Partygoer steals thumb from Terracotta statue at US museum

Marsha Scott
February 20, 2018

Chinese authorities are livid over the theft of a thumb from a 2,000-year-old terracotta warrior on loan to a USA museum, calling for the perpetrator to be "severely" punished.

Rohana, who comes from the U.S. state of DE, was attending an ugly Christmas jumper party at the museum when he and two associates managed to make their way into the "Terracotta Warriors of the First Emperor" exhibition, the door to which was unlocked, the Beijing Youth Daily report said.

The statues were built by the Chinese emperor Qin Shi Huang, who died in 210 BCE, and who believed they would protect him in the afterlife.

Rohana proceeded to take selfies with the 2,000-year-old statue, known as "The Calvaryman", then snapped off the left thumb and walked away, authorities said.

According to the Federal Bureau of Investigation in an arrest affidavit, Rohana "used a cellular telephone as a flashlight, looked at various exhibits displayed in the then-closed showroom, stepped up onto a platform supporting one of the statutes, and took a selfie with it", reported China's official Xinhua News Agency.

It is often heralded as one of the greatest archaeological finds of the 20th Century after farmers stumbled across the tomb in 1974 in Lintong District, Xi'an, Shaanxi province.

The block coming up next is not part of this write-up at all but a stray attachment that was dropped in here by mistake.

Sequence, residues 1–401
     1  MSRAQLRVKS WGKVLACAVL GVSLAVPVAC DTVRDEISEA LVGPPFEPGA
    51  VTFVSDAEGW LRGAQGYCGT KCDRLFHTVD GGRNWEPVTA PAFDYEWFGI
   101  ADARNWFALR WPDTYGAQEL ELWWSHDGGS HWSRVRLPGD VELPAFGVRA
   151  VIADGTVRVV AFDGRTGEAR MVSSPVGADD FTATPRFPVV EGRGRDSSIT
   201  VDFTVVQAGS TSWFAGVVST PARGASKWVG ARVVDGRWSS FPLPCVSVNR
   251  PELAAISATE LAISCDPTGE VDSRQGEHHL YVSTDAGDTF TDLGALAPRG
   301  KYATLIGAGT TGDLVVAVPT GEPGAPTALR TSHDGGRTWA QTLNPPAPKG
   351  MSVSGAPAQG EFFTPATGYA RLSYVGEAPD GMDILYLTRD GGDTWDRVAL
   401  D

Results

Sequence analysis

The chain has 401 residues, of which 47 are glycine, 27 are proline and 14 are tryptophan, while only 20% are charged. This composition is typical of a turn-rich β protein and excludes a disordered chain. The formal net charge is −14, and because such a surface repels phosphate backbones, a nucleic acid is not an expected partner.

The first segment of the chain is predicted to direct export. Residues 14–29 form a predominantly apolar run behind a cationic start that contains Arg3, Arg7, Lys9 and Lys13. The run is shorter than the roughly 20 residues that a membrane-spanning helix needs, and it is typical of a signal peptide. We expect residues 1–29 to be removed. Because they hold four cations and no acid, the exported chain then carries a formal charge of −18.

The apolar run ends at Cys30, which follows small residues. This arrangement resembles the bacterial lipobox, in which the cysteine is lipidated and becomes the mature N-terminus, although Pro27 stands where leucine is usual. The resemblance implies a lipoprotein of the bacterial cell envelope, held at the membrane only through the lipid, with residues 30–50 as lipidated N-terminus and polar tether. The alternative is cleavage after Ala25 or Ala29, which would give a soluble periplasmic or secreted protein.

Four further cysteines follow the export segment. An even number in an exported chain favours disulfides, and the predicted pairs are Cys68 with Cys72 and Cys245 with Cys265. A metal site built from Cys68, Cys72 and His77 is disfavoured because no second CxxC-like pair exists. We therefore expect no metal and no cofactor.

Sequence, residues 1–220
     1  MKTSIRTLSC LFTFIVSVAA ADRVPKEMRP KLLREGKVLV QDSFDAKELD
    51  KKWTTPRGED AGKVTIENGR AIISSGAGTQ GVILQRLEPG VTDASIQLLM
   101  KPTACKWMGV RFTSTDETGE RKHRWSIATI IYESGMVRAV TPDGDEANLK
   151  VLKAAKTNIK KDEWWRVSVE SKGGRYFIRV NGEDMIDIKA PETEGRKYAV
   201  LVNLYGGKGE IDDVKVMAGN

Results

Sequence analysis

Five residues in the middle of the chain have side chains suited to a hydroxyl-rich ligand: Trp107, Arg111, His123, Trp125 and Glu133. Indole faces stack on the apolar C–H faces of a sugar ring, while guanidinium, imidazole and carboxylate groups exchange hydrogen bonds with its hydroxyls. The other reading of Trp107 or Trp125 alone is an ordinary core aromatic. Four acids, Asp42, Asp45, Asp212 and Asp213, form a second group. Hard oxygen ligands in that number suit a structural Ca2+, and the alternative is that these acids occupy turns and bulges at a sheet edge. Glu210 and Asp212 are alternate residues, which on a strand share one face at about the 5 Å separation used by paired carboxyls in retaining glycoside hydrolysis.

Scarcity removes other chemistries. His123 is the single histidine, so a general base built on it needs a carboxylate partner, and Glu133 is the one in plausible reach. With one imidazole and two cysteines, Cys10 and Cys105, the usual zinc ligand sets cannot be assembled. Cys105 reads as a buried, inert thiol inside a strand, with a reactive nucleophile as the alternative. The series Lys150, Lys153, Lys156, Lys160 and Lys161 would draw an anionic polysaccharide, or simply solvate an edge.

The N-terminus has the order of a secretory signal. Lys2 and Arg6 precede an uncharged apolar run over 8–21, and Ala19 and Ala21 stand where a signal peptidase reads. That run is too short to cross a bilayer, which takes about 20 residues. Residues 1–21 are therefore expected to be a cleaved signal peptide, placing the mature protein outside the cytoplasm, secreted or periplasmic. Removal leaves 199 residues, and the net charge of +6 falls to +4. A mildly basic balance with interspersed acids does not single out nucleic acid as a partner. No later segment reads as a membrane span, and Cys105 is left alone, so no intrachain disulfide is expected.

Federal authorities said Michael Rohana, 24, from DE, stole the thumb.

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The Shaanxi Cultural Heritage Promotion Centre loaned 10 of the prized statues to the U.S. institution.

After museum staff noticed the damage on January 8, a special agent from the FBI's Art Crime Team tracked down Rohana in DE a few days later.

Another friend said Rohana posted a photo of "a finger" from a terracotta warrior on his Snapchat account one day after the party.

When agents showed up at Rohana's home where he lives with his parents in Bear, Del. on January 13, he quickly showed them to the thumb's hiding place: his drawer.

An official from the Shaanxi Cultural Heritage Promotion Center, who arranged for the statute's loan, "strongly condemned" the theft and called for America to severely punish the young man for his actions, Beijing Youth Daily reported.

The department has sent a notice to the museum, advising it will dispatch two experts to fix the terracotta warrior. He was later released on bail.

A spokeswoman for the Philadelphia museum said that the statue will be repaired, adding that a security contractor did not follow standard procedures at the night of the alleged theft. The exhibit will run until March 4.

Other reports by MaliBehiribAe

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